A new study published in PLoS One and conducted by researchers at the University at Buffalo reveals an interesting link about stem cells and atherosclerosis. It seems that stem cells play a key role in the development of atherom plaque in blood vessels. The study of the University at Buffalo continues previous research made by scientists at Columbia University that showed that high levels of LDL cholesterol contributes to the stimulation of hematopoietic stem / progenitor cells ( HSPC ‘s).
Thomas R. Cimato, MD, PhD, lead author on the PLoS ONE paper and assistant professor in the Department of Medicine in the UB School of Medicine and Biomedical Sciences, said the new study opens new perspectives on the prevention of heart disease and stroke by focusing on the link between ‘bad’ cholesterol (LDL ) and HSPC ‘s.
Dr Cimato explained that they extrapolated the results of laboratory animal studies on the link between LDL cholesterol and HSPC ‘s on humans. The fact that the results obtained during experiments on laboratory animals are equivalent to humans is remarkable. However Dr Cimato explained that the mice used for studies of atherosclerosis had lower levels of cholesterol at baseline and that they fed mice with high fat diet to study the effects of high levels of coleterol.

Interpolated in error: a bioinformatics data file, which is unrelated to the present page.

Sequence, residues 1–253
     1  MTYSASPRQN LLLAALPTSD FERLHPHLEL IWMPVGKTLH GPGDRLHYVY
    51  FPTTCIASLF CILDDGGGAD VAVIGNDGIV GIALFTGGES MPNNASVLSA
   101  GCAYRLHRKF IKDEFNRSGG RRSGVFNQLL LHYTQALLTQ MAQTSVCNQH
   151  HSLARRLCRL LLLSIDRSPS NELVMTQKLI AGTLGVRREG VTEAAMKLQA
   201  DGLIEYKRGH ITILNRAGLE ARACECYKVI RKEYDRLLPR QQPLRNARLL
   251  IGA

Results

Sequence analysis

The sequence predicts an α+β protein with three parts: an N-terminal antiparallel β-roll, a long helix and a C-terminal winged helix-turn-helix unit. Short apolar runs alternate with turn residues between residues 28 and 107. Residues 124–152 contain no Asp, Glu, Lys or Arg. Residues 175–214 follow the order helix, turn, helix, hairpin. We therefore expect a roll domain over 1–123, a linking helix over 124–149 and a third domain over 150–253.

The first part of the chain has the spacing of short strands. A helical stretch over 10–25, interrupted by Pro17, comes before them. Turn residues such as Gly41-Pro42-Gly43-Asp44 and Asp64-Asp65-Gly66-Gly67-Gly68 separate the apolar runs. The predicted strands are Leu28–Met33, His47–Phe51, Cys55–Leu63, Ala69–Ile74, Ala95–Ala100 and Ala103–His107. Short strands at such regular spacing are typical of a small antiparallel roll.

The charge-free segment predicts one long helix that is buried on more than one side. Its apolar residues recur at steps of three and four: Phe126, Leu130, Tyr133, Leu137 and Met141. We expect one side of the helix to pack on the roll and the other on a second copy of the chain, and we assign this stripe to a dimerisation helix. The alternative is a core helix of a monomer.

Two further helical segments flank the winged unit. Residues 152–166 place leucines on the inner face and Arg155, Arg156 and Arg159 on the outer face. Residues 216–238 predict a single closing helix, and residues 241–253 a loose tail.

Cimato noted that the degree of levels of LDL cholesterol used during studies is higher than that found in patients who come to hospital stroke or heart attack. He explained that the passage from mice with high LDL cholesterol to humans requires several steps, for example , controlling high cholesterol with three different types of statins. In order to conduct the study, researchers followed for a year a dozen patients without known heart disease who were on statins for a period of two weeks separated by intervals of a month when they were off drugs.
The researchers found that LDL cholesterol regulates the stem cells that form neutrophils, macrophages and monocytes , cells involved in the development of atherom plaque. Another discovery was that statins can indeed reduce the level of HSPC ‘s but the response to treatment of each patient is different. The study is the first of its kind to demonstrate that high total cholesterol stimulates stem cells from bone marrow and that this process involves a molecule that is implied in many chronic inflammatory diseases: IL -17. Studies have shown that this interleukin determines the release of stem cell in the bloodstream by stimulating G-CSF, granulocyte colony stimulating factor .